Family members and members of your group help you. First, inside an event support van. Until rescuers realize that the stuffy interior of the van only aggravates his distress and transfer him to the seat of a tricycle designed to collect costumes and masks.
Saved the due proportions, the hardship and the scene lived by that young effeminate boy made us remember the past by Christ during the Via Crucis. And this is another event that Filipinos – the only major Catholic nation in Asia – are keen to re-enact all over the country, holy week after holy week. But it was October. This month, Negros used all his belief in the therapeutic effects of the MassKara Festival.
From the wreck of the MV Don Juan to the Painful Counter Peak of Sugar
Thirty-seven years after the night the MV Don Juan ferry collided with the oil tanker MT Tacloban City in the heart of Tablas Strait and sank, a good part of the victims' families will have recovered from the grief.
Questions related to the sale of sugar produced on the island come up from time to time. Because the price of raw material drops to miserable levels and because the population of Negros finds it difficult to swallow.
Since the beginning of 2017, sugarcane producers and workers have been protesting against the fact that Coca-Cola on the island of Negros has started to use high fructose corn syrup in its drinks instead of local sugar. . Cindy Rojas, councilor for the municipality, took this dissatisfaction further.
It repeated a measure already taken in previous cultural events in Negros: it approved a boycott of the multinational's products.
Coca-Cola and the like were little missed. The MassKara Festival continued, sweetened and caffeinated by the excitement it generated. As that popular furnace and enthusiasm intensified, the event organizers found it difficult to control the crowd that the ropes could barely hold. Police on motorcycles and some military personnel take action.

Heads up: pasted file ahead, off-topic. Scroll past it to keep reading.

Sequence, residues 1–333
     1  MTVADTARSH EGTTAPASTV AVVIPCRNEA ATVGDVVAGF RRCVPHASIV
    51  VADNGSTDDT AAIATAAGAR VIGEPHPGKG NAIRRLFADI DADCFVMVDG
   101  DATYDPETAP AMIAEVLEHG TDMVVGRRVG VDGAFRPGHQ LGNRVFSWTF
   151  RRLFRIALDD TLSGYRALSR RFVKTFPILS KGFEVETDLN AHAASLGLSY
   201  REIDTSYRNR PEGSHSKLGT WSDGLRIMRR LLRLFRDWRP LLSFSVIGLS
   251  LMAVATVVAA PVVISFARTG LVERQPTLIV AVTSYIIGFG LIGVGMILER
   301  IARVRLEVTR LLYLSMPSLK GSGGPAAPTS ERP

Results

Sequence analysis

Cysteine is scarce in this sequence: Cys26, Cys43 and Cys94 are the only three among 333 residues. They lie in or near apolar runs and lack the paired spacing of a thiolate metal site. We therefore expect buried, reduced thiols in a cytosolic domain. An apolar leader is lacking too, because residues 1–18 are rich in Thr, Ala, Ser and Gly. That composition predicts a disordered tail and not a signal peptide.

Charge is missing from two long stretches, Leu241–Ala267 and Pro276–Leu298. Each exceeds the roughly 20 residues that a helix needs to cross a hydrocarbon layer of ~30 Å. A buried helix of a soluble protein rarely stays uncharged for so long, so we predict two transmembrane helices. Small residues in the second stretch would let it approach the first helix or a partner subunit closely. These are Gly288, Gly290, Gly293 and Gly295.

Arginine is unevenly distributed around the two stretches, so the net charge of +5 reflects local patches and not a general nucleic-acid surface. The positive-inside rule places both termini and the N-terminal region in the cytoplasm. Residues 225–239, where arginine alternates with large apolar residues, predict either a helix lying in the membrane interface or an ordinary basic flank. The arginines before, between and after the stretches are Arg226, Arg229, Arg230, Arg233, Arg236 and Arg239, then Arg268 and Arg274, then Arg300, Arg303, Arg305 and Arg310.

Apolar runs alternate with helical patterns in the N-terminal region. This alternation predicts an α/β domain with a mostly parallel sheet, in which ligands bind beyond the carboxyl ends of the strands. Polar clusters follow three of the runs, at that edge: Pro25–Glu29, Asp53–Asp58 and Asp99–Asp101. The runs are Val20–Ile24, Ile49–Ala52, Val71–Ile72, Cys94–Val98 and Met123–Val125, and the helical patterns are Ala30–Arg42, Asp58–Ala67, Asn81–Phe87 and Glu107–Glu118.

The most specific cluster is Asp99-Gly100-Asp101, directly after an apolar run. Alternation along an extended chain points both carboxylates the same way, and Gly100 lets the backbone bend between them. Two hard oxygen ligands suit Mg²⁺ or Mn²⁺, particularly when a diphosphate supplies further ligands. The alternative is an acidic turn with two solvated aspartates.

Necessary Trawlers and MassKara Parada Masks
Reinforcements guarantee the retreat of people in tighter areas of the street. Guardians of each participating troupe began to push the longitudinal ropes that made way for the MassKarados with redoubled determination. This tight control ends up dragging some spectators, photographers and even elements of the organization.
It happens to us and more than once we see the masks from the bottom up. And what magical and awesome they revealed themselves.
Initially, the smiling faces that today continue to illustrate and liven up the festival had native Filipino looks, hand-painted and decorated with typical local beads and feathers. Over the years, influences from the Carnival of Venice and even that of Rio de Janeiro overlapped with the tradition.
Modern plastic masks, shiny beads, with the largest and most exuberant feathers that those responsible for the design and choreographies could arrange were accepted.
Torn Smiles in the City of Smiles
The core element of the festival, the open smile, has remained the same over time on the many faces that make up the MassKara Festival. The festival is made up of a crowd of laughing faces. The conceptual thread of the event matches, in fact, with Bacolod's Anglophone motto: “The City of Smiles".
Towards the end of the artery and the long stop, we noticed how several emblematic companies in the Philippines took advantage of the crowd of people and participated in the party to promote themselves. The Jollybee - a kind of MacDonalds pinoy (Filipino equivalent of Tuga) – he was represented by his little yellow and red bee.
The mascot starts by waving to fans on the side of the road with the promise of some sweets but it doesn't last long. When we notice her, a mob of ecstatic kids runs to the fluffy puppet and savagely disputes them. This final, more commercial and self-interested phase of the procession did not, however, mark the end of the party.
We turn Lizares Street onto Avenida Araneta. There, in the absence of official dancers and the floats or corporate cars that follow them and Coca Cola soft drinks, the people have fun in their own way. Some musicians with drums and other basic instruments set the pace.
Some spectators indulge in delicious alcoholic creative stimulation. They dance without ceremonies or constraints, to the delight of others who cannot resist joining them. The MassKara Festival was far from over. By then, as always happened, the promise of returning Negros' happiness had been more than fulfilled.
Article created with the support of Philippines Tourism and the Embassy of the Philippines in Portugal.